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Therapy Dog Willow

July 24, 2020

Willow, a 5-year-old therapy dog from Riverside, has won the title of 2020 “AmbassaDOG” for the Rhode Island Society for the Prevention of Cruelty to Animals.

“I’m so proud of her and everything that she’s accomplished in her life and I think she’s such a great representation of what you can adopt from a shelter,” Willow’s mother, Melissa Marszalek, told NBC 10 News during an interview at Roger William’s Park in Providence.

“There are so many dogs out there,” she said. Marszalek said she adopted Willow as a stray three years ago from Providence Animal Control. “I went down and met her and fell in love,” Marszalek said.

Since then, Willow has become a certified therapy dog, receiving her certification from Paws From the Heart. She is a member of the PVD Pups Program at T.F. Green Airport in Warwick, with her presence helping to calm and soothe passengers.

“I had no idea what her background was and she just blossomed into this very special dog,” Marszalek said.

“My friends and family fought so hard for her to win so we could show everyone how wonderful it is to adopt, how great pit bull-type dogs are and can be, and how loving and special they really are,” she added.

Through a recent photo contest that RISPCA held online, Willow helped raise $4,428 for the non-profit organization.

In total, contestants raised more than $14,000, with participants donating $1 per vote.

“We had 94 entries,” Connie Kile, who is the director of development and community relations for RISPCA, said.

Kile said Willow will be featured as part of RISPCA’s 18th annual Paws in the Park Dog Walk. It’s set for the end of September.

“We’re really excited to be hosting our event this year,” said Kile.

“And Willow is amazing,” she added. “She is absolutely adorable.”

Kile also praised Marszalek, noting that she serves as a volunteer for RISPCA, as well as Providence Animal Control.

In fact, Marszalek was awarded the “Animals Best Friend Award” from the Rhode Island Veterinary Medical Association in December.

“They have been doing a ton of work in the community,” Kile said of Marszalek and Willow.

But Marszalek said she and Willow love every minute of it. They are happy to help.

“I’m so humbled by it,” she said. “I’m so grateful to the SPCA and they’re going to do some wonderful things with the money.”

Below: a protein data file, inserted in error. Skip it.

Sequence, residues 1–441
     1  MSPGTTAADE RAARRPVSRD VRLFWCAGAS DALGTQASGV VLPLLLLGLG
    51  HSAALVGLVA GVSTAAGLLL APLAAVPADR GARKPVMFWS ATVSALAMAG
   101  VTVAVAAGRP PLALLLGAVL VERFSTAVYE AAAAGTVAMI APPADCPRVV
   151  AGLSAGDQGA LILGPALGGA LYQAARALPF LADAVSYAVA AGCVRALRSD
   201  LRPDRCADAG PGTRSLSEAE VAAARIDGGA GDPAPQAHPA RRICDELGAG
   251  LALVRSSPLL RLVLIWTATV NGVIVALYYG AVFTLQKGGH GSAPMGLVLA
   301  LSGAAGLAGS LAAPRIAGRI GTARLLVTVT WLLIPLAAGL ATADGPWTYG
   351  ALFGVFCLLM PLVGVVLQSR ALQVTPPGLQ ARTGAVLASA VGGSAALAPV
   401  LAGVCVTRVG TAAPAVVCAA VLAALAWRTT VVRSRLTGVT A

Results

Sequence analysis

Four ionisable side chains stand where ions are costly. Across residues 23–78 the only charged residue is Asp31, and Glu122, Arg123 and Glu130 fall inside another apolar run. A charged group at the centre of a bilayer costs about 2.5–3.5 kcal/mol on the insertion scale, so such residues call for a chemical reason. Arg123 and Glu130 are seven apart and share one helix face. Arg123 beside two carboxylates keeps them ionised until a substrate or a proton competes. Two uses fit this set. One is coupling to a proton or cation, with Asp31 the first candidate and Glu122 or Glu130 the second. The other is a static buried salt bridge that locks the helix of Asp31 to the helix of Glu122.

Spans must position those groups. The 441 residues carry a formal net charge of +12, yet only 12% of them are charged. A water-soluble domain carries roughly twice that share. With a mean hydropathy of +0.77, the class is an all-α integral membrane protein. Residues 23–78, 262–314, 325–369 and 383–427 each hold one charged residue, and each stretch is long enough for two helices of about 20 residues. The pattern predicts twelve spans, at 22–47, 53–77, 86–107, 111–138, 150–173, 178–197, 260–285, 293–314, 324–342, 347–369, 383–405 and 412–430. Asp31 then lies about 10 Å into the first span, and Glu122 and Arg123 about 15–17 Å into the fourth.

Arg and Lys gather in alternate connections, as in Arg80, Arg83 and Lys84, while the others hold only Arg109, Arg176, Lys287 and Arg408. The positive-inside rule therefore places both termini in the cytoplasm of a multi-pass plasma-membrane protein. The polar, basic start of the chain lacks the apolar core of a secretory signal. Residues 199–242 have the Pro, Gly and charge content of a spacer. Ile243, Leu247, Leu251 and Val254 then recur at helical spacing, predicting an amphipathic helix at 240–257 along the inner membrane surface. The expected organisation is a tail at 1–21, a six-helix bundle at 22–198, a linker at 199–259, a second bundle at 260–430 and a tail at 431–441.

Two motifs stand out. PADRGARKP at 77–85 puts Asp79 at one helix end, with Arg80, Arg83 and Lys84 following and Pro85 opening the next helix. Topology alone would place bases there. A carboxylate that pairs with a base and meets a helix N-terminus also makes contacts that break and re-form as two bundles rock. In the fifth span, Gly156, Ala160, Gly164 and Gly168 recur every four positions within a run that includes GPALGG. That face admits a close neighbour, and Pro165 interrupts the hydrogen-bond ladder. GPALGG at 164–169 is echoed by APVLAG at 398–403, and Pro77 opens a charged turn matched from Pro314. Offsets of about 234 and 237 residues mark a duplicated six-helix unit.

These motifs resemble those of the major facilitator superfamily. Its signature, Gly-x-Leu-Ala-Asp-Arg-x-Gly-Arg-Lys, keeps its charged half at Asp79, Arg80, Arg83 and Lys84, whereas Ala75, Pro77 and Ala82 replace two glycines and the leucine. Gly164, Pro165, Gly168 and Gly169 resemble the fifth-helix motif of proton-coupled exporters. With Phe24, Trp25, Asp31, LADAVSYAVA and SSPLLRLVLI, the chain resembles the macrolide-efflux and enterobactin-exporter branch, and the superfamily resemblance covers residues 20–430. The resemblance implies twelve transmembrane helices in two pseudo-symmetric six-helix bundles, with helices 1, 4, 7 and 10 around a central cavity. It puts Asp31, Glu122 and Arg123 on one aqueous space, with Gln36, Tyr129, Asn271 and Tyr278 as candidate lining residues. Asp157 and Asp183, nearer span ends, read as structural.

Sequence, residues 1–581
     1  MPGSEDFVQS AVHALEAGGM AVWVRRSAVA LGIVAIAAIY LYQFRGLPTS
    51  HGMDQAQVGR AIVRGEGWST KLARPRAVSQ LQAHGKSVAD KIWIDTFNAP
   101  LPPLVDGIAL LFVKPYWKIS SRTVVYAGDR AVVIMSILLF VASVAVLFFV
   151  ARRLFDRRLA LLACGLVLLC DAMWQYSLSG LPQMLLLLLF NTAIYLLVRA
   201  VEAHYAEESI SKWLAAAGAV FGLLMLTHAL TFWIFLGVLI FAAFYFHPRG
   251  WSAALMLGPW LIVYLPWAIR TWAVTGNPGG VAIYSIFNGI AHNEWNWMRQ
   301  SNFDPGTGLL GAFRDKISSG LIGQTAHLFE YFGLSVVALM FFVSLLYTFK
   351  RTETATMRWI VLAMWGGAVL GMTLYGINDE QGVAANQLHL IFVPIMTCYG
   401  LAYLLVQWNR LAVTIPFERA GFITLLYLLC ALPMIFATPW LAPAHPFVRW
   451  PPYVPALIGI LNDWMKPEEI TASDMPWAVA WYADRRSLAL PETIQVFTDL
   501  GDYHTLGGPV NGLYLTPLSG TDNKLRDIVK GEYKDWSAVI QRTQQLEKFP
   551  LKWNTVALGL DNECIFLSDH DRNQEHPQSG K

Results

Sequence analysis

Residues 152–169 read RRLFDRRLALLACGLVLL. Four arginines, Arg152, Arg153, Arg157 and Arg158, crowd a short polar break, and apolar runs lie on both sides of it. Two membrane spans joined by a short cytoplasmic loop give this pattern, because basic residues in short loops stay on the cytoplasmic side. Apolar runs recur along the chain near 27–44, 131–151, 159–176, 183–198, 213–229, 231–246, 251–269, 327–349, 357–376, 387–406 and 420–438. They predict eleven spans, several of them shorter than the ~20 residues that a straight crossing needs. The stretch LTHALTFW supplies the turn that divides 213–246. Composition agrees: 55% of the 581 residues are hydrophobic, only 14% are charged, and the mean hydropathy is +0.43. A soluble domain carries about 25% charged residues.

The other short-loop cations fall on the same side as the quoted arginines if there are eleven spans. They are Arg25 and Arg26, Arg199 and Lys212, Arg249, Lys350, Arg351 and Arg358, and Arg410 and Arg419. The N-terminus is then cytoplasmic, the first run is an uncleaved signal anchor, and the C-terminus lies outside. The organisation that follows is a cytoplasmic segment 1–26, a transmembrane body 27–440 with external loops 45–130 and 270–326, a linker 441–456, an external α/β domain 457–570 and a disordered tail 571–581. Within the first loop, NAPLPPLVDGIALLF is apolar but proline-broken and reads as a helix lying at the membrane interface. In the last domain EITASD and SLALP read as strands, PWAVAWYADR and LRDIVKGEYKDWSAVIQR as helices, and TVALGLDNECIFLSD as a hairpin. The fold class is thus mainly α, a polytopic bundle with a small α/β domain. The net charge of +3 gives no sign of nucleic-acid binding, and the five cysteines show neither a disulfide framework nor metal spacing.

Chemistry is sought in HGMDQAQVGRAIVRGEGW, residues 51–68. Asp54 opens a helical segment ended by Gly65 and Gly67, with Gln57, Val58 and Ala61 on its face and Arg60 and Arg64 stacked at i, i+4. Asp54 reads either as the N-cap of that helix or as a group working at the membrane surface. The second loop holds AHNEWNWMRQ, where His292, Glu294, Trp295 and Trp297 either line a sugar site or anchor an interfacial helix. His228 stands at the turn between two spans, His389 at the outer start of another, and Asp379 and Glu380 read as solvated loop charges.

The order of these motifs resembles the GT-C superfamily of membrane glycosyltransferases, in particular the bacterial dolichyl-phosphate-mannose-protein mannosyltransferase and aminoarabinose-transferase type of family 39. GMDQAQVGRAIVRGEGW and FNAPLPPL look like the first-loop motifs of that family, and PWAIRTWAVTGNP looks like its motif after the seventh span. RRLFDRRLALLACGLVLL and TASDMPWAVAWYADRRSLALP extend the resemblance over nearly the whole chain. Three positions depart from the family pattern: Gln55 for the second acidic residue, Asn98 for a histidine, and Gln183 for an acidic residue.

The dynamic duo plans to participate in the walk, which is set to be RISPCA’s first in-person fundraising event since the coronavirus pandemic hit.

Participants set their own goals raise funds for the organization.

“All those funds get pooled together for one big total,” Kile said.

This year, RISPCA set a goal of $30,000 after raising $20,000 in 2019.

“We hope we can do it,” Kile said.

Kile said the funds from the walk, as well as the photo contest, will be used for various community programs RISPCA offers.

While one program assists people in need get access to affordable veterinarian care, another helps anyone who has experienced an extreme hardship to temporarily board their pets in “a loving and safe” environment at a low cost.

“This allows us to keep pets and people together,” Kile said. “They get they help that they need so they can be reunited.”

Funds will also be used for their emergency pet food assistance program.

“We’re serving many families that generally wouldn’t need assistance but lost financial stability due to losing their job to COVID,” Kile said. “We also were delivering food to people who testing positive and couldn’t leave their homes. We are still going deliveries now.”

Kile, along with Joe Warzycha, who heads RISPCA, said they’re looking forward to the upcoming walk, especially since they had to cancel several other events due to COVID-19 limitations. They plan to follow the governor’s guidelines, such as mask-wearing and social distancing, for both volunteers and participants.

“We had to cancel our 150th anniversary celebration, so my fingers are crossed that we’ll be able to hold this one,” said Warzycha. “It will obviously be outdoors, and we will be well within the limitations on capacity. We’ll have less vendors and space them out more, and we can stagger start times for the walk.”

Kile shared similar sentiments, also noting that events like the walk are vital to RISPCA and the animals they serve.

“Most of our events have been cancelled or rescheduled, so we rely on fundraising events like this to provide programs and services to the community,” she said.

The event is scheduled at Rose Larisa Park in Riverside on Sept. 26, with registration starting at 10 a.m., and a Halloween Costume Contest for pets and their owners beginning at 11:30 a.m. The walk will kick off at noon, with the top fundraisers and contest winners announced immediately after.

“It’s important for the SPCA as a fundraiser, but it’s also important for the community,” Kile said. “Everyone enjoys being out and about, and this is definitely something that we missed over the last few months. I think it will be a great opportunity for people to just take a walk through the park, visit with vendors, and safely socialize with their dogs.”

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